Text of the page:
A Contrary View of the Protective Effect of Long-Term Use of Antidepressants
Many review articles on the management of depression encourage long-term maintenance therapy to prevent relapses. However, there have been some recent challenges to that conventional wisdom that merit some consideration. There is a small body of literature suggesting that antidepressant therapy may negatively affect the course of depression. A review of 27 studies with variable duration of therapy demonstrated that length of treatment did not positively affect long-term outcome.34 There was an inidcation that longer treatment was associated with higher rates of relapse once the drug was discontinued. This finding, however, did not reach statistical significance.34 In a comprehensive review of long-term maintenance studies, Fava found very little evidence that duration of drug therapy affects long-term prognosis once the medication is discontinued, writing, "In clinical terms, this means that whether you treat a depressed patient for three months or three years, it does not matter when you stop therapy with the drug."35
Long-Term Safety of Antidepressants
Any decision in medicine regarding a medical intervention involves a balance between risk and benefit. Certainly, the risk of untreated depression or recurrent depression is commonly known. There are risks of significant social impairment, occupational disability, and mortality from associated medical conditions and suicide.36 However, keeping patients on antidepressants for maintenance or prophylaxis of depression is not a benign intervention. Fortunately, there have been no known serious long-term safety or late emergent tolerability issues with the SSRIs and other newer agents such as venlafaxine, bupropion and mirtazipine. Recently, there has been a label change for nefazodone suggesting that some patients may be at risk for rare but life-threatening liver toxicity.20,37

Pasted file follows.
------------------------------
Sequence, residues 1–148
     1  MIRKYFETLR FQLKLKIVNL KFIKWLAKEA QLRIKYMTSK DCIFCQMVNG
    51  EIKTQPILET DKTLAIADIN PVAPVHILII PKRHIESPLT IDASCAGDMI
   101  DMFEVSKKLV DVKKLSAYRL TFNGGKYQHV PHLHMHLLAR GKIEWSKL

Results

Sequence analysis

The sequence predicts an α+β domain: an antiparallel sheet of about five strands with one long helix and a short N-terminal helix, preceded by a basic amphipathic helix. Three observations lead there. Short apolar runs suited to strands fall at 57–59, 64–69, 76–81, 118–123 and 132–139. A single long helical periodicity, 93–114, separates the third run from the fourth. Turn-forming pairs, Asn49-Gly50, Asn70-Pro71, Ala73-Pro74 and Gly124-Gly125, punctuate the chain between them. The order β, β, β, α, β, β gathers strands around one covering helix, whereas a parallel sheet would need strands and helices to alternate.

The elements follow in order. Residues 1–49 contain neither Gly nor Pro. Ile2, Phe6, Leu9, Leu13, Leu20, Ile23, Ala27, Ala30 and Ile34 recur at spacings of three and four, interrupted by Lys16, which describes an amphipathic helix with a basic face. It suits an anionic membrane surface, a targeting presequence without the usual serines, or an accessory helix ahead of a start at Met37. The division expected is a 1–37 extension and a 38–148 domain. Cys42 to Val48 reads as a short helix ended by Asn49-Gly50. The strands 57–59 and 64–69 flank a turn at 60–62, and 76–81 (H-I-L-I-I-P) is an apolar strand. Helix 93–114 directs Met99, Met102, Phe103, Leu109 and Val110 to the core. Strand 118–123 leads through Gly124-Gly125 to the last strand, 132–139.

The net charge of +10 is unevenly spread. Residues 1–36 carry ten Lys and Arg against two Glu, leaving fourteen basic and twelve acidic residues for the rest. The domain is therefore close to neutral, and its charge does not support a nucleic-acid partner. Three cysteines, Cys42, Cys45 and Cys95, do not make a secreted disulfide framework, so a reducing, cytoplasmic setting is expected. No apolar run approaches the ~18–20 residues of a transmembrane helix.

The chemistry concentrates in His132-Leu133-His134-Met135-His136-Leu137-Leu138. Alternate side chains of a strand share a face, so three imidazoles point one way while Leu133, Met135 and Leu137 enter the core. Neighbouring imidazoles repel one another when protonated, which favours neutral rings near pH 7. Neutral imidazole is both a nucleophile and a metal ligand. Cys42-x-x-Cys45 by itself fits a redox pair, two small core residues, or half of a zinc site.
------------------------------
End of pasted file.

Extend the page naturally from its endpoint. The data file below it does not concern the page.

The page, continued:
There are uncomfortable side effects associated with long-term antidepressant treatment that may effect long-term compliance, patient satisfaction, and outcome. These include insomnia, somnolence, weight gain, asthenia, and sexual side effects. These may abate over time, or if not, there are a variety of treatment strategies to eliminate or reduce the severity of these problems.38 Antidepressant discontinuation syndromes also are very uncomfortable for patients. Common symptoms include dizziness and light-headedness; nausea and vomiting; fatigue, lethargy, myalgia, chills, and other flu-like symptoms; sensory and sleep disturbances; irritability; and depression. These symptoms can be mild to severe in intensity and usually are transient, but may affect the patient’s ability to discontinue medication.39 There are other considerations to consider and discuss with the patient in addition to safety and side effects. Patients often relate concerns regarding costs of medication, time and expense of physician visits, stigma of ongoing need for pharmacotherapy, and a general wish to be well and free of illness.